View on the \'Pont-Neuf\' from the corner of the ordnacne stores


By Joseph Vernet, 1755

By 1750 France had only three working dry docks and none of them answered the growing needs of the French Marine. The double dock at Rochefort could not be accessed by any ship larger than the fourth rate because its position was too far up the narrow and winding Charente river, and the only other dry dock, that at Brest, had been poorly designed and would not dry out completely. There was a fabulous harbor and yard at Toulon in the Mediterranean, the subject of this picture but the Mediterranean is tideless which makes the design of dry docks extremely difficult. With no tide a dry dock cannot drain itself but must be pumped out, and it was not until 1774 that the Spanish solved the problem in their dockyard at Cartagena by installing a steam-driven pump. In the meantime French ships had to be careened – effectively pulled on their sides to expose their hulls. Moreover French ships had been built to escort merchantmen or capture enemy merchant ships rather than for fleet battles which were soon to be forced on them time and again by the resurgent Royal Navy.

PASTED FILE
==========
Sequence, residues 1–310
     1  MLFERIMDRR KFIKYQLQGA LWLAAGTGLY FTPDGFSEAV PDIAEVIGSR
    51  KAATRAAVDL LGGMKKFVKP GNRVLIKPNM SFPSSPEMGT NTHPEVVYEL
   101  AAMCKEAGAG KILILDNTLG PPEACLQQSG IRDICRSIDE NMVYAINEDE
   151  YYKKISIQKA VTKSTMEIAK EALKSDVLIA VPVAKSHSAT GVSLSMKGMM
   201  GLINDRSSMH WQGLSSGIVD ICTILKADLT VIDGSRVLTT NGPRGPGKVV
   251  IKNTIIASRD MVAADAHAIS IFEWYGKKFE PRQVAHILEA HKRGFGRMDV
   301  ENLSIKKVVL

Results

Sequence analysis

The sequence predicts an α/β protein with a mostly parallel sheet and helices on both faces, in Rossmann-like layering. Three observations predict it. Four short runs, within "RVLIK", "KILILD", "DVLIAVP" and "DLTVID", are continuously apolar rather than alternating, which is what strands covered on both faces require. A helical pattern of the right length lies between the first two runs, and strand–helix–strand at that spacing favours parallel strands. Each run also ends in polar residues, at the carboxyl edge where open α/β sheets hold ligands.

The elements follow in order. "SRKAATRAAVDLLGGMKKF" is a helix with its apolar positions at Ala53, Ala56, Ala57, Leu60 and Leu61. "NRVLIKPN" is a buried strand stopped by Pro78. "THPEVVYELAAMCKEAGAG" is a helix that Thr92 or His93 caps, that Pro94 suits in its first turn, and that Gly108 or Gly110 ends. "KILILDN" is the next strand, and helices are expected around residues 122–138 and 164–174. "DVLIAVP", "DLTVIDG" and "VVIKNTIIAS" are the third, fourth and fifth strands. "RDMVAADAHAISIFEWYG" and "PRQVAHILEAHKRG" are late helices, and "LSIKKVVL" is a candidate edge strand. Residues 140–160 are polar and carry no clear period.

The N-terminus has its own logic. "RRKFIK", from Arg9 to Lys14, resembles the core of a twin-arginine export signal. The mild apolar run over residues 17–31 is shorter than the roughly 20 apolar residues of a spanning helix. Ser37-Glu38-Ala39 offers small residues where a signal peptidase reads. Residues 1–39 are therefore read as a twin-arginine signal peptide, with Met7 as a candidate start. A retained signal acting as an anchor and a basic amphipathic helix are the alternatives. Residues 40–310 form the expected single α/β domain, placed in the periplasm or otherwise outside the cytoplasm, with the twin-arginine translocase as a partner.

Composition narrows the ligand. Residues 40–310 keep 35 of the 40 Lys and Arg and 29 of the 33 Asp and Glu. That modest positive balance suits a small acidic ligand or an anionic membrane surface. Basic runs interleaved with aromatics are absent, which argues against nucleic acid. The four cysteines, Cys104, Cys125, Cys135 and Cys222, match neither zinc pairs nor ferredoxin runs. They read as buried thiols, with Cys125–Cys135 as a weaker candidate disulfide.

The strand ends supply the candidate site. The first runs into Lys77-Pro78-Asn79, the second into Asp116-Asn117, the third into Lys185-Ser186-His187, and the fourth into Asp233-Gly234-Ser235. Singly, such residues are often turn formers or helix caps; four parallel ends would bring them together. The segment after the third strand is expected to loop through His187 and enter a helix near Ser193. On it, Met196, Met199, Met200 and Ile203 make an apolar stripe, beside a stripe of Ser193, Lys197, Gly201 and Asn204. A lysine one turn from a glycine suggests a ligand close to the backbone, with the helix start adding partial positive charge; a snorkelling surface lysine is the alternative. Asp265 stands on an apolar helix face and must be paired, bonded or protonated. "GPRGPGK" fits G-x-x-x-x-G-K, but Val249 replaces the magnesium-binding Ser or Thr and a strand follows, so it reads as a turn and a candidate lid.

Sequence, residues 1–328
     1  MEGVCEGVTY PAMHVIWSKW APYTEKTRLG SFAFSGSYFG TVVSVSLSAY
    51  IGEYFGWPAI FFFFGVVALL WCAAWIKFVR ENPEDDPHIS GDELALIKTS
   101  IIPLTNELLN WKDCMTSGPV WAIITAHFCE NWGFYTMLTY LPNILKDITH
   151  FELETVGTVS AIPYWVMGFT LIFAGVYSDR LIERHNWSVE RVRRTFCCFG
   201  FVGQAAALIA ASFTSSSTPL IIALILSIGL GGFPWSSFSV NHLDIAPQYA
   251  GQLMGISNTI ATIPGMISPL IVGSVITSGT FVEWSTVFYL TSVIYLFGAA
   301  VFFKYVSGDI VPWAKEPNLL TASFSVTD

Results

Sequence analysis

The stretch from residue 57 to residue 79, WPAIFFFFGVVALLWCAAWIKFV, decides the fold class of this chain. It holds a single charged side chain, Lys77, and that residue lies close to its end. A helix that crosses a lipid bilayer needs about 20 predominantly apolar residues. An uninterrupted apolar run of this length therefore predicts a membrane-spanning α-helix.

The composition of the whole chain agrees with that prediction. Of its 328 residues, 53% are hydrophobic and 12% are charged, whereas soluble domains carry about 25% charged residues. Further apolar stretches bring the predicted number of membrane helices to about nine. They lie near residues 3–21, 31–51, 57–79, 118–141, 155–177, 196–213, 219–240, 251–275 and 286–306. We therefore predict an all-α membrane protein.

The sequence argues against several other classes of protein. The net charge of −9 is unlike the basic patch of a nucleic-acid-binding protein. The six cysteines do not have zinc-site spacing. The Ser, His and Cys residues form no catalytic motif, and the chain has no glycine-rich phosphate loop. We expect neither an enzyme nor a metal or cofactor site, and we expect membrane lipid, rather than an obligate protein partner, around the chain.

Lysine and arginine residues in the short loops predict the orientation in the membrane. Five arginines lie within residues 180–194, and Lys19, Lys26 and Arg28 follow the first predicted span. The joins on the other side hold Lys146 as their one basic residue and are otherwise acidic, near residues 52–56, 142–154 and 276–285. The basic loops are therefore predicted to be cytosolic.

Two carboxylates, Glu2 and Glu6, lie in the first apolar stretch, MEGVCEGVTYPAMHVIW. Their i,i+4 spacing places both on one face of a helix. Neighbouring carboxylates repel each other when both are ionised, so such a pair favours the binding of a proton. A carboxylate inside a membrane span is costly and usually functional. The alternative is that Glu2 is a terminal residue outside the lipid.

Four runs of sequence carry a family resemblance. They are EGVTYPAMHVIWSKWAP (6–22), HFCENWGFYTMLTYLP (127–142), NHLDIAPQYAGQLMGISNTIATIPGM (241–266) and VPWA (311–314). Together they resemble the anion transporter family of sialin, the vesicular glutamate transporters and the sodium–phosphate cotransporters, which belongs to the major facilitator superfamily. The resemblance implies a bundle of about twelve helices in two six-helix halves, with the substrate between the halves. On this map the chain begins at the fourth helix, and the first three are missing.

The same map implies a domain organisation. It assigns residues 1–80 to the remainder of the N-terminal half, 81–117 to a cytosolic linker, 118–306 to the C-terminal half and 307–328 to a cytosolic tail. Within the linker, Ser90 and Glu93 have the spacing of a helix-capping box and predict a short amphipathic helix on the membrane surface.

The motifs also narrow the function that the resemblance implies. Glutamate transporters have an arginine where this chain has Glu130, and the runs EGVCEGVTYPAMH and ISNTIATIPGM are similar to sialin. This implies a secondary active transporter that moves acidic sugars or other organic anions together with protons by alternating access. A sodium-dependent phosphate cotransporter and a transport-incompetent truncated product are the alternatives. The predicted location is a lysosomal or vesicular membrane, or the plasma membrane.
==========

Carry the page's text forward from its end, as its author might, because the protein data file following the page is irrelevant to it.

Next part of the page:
This shows the ordnance stores of the Toulon dockyard. Lines of battleships are moored in the background, and in the foreground shot of every caliber are perfectly aligned. Some cannon are being cleaned while a group of officers and engineers hold a discussion.

Source ID: #fghtshpsv2#

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